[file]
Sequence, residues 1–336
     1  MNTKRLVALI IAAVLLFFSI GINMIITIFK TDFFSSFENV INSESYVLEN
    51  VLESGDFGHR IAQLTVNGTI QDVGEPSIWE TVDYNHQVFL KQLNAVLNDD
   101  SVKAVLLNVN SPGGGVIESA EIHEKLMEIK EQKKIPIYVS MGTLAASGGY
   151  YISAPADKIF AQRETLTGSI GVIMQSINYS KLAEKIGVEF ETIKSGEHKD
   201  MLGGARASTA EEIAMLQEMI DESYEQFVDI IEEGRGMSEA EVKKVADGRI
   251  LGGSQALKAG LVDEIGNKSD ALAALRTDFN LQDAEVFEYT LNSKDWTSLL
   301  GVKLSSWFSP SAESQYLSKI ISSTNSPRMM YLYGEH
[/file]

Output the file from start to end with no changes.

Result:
Sequence, residues 1–336
     1  MNTKRLVALI IAAVLLFFSI GINMIITIFK TDFFSSFENV INSESYVLEN
    51  VLESGDFGHR IAQLTVNGTI QDVGEPSIWE TVDYNHQVFL KQLNAVLNDD
   101  SVKAVLLNVN SPGGGVIESA EIHEKLMEIK EQKKIPIYVS MGTLAASGGY
   151  YISAPADKIF AQRETLTGSI GVIMQSINYS KLAEKIGVEF ETIKSGEHKD
   201  MLGGARASTA EEIAMLQEMI DESYEQFVDI IEEGRGMSEA EVKKVADGRI
   251  LGGSQALKAG LVDEIGNKSD ALAALRTDFN LQDAEVFEYT LNSKDWTSLL
   301  GVKLSSWFSP SAESQYLSKI ISSTNSPRMM YLYGEH